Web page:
Overland Day 14: Uganda
Ah, Jinja. Even before the trip started, I had heard so much about it. Now here I sit, with a beautiful view of the Nile stretched out before me and a raging hangover. Nicely done, Jinja!
It’s becoming harder to distinguish between dates, times, places, activities … thankfully I’ve kept up the journal so that will help me update you all.
Day 10 – Early border crossing from Rwanda back into Uganda today and a beautiful drive to a little place called Heritage Lodge in Muko, right beside Lake Bunyonyi. The plan was to stop there for an hour and relax by the lake but we all loved the place so much that we unanimously voted to stay there for the night. It meant having to leave at 5am as opposed to 7am the next day but that was a small price to pay. We’re all used to the horribly early starts by now anyway!
So what happens when a truck full of travellers stops at a gorgeous location, with no other plans for the day? Gin happens, apparently. Gin and charades and cartwheels (I kid you not), and a little bit of belly dancing on my part. Eventually we all headed to Club Twiga (a.k.a. the truck) and raised a bit of a storm. I woke up in my tent some hours later but have no recollection of getting there…
Day 11 – Quiet on the truck this morning as everyone was nursing a bit of a hangover. Drove to the ‘creepy’ Kabale camp, put up our tents and had a fantastic breakfast: french toast, courtesy of our lovely guide Alun. Yum! That certainly perked everyone up. Shortly after we were picked up by a man named Francis to make our way to Lake Bunyonyi. Quick detour on the way to a local hospital to visit Francis’ granddaughter who was only born a few hours earlier! Eventually got to the lake (van ran out of petrol so we had to hike up a fair way) and got a boat to one of the islands where a school has been put together for some of the local children, and also where a settlement of pygmies lives. Both of which are the very top of an incredible steep hill, might I add. Turns out I’m a lot more scared of heights than I thought and had a bit of a panic on the way up but I’m so glad I managed to get to the top. The children were absolutely beautiful and so happy to have us there. There was singing, dancing and lots of high-fives! It’s an experience I wish everyone could have; I felt so humbled to see these kids who will walk miles to get to school, some in bare feet and barely any clothes. Their teachers do a wonderful job and the kids all seem so willing to learn. The school also acts as a way of integrating the pygmy children into the local community. Their story is a sad one and they are considered to be underdogs wherever they go but by bringing them together in one school, hopefully they will start to be more accepted.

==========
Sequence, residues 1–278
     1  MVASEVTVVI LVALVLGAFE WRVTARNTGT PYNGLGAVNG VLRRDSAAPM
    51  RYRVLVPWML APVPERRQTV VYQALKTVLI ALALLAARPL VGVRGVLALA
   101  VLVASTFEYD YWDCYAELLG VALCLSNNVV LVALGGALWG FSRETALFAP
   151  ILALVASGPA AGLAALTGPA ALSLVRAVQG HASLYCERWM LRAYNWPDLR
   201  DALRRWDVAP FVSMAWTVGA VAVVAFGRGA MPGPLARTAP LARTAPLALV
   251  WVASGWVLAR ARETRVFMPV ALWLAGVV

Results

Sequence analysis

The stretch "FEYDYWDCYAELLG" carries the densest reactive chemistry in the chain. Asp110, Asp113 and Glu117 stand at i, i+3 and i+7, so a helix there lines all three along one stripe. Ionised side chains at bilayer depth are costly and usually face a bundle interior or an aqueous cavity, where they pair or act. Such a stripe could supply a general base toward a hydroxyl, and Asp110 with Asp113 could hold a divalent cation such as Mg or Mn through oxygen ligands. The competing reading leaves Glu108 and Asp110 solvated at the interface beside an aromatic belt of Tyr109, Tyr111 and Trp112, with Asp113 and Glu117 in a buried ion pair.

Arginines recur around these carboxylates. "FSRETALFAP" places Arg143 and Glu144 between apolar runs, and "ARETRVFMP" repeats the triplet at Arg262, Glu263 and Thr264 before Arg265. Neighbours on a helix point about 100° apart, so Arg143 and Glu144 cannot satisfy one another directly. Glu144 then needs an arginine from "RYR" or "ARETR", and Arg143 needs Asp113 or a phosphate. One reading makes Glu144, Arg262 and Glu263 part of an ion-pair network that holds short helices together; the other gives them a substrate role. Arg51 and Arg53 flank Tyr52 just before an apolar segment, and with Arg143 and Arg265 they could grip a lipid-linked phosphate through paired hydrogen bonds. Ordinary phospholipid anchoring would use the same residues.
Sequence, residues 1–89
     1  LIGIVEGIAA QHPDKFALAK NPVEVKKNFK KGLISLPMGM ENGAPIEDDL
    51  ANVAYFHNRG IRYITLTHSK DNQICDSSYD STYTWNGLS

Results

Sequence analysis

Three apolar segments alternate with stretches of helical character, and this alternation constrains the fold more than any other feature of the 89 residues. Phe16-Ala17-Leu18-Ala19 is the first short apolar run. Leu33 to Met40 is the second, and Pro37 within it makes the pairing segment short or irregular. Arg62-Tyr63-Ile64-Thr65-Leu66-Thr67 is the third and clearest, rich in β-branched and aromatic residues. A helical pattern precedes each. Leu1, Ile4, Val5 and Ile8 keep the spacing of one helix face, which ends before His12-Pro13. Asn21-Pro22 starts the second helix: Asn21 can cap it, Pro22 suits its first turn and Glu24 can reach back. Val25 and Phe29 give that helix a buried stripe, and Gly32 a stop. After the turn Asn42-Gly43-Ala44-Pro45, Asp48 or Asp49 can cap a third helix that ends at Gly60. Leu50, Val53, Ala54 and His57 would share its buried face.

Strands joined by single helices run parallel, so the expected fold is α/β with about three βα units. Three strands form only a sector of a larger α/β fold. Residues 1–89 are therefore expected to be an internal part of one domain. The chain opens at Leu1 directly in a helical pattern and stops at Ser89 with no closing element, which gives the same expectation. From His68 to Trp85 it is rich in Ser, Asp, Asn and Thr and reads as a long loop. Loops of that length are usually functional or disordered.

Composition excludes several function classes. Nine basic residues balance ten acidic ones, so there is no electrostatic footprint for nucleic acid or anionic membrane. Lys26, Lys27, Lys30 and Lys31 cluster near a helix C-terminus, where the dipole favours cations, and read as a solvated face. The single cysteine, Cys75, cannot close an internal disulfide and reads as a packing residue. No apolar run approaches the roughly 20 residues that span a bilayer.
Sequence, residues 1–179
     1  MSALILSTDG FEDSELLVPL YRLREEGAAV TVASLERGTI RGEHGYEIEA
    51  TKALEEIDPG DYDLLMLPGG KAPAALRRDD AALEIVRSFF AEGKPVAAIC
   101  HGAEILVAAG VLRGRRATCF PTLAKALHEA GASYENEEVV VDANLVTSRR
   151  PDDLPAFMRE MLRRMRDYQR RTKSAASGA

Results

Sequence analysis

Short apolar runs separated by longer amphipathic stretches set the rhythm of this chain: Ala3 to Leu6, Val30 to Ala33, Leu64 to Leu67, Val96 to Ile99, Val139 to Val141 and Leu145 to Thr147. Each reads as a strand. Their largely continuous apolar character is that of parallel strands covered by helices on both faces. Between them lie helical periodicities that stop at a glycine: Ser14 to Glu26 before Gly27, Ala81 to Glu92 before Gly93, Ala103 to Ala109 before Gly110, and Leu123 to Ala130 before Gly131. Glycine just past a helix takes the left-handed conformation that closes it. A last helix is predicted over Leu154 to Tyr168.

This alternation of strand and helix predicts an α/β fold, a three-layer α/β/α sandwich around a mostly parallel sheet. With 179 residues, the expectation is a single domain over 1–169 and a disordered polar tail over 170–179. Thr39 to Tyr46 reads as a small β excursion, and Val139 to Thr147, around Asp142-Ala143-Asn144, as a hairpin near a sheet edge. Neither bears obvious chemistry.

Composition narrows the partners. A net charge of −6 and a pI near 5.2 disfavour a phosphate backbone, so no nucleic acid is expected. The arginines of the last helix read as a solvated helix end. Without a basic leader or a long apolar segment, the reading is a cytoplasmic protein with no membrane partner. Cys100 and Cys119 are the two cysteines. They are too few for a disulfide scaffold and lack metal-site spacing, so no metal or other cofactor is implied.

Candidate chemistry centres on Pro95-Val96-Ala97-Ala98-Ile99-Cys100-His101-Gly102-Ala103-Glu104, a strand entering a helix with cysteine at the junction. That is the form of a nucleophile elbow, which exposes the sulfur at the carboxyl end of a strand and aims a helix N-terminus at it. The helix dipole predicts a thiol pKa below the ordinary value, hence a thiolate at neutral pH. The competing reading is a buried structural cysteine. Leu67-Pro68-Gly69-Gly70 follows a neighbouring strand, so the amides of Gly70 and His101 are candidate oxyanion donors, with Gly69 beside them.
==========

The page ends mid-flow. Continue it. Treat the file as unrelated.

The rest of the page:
A few steps away from the school are eight huts which serve as homes for a group of 52 pygmies. It’s difficult to come face to face which such poverty but they really do make the most of what they have.
Francis heads the Lake Bunyonyi Community Centre and they are always in need of donations to help develop the school and help the pygmy community. If you can help out in any way, please do. You can contact him by email to find out how to send donations: firstname.lastname@example.org
Our day ended with a lovely meal on Nature’s Prime Island, although we weren’t sure we were going to make it there for a little while – our boat’s engine stopped halfway across the lake! Thanks to a passing boat, we were towed a little way to kick-start the engine though. Not a great day for transport!
Day 12 – 350km drive today back to the equator, where we spent the night. Stopped for a local lunch of goat/beef/chicken stew in Mbarara. It was served with mashed up plantain and some more ugali. Not really my thing!
Day 13 – Jinja! We arrived at the Nile River Explorers Camp in the afternoon after a slow drive through Kampala traffic. The views are stunning and my tent buddy and I decided to upgrade to a safari tent which means: BEDS! Yay! Had the most amazing shower of my life so far – it was an open one overlooking the Nile. Cold but amazing 🙂 Sunset Cruise (a.k.a. booze cruise) at 5pm and then the rest of the night is a blur of, you guessed it, gin and dancing on tables. Somehow managed to be convinced to head out to a local bar after the party had died down at the camp. Preferred this one to the clubs in Kampala and met some interesting people but I was way too tired to dance anymore. Experienced my second motorbike ride back to the camp; this was a much longer one and I can say I’m starting to enjoy them too!
Day 14 – Lazy day today. Most of the guys from the truck are out white water rafting or kayaking but that’s not really up my alley so I’ve just been chilling out at the bar, enjoying the view. Possible Scrabble match later today and dinner somewhere in Jinja. That means another motorbike ride back to camp. Yay!
P.S. No photos today. Internet’s too slow 🙁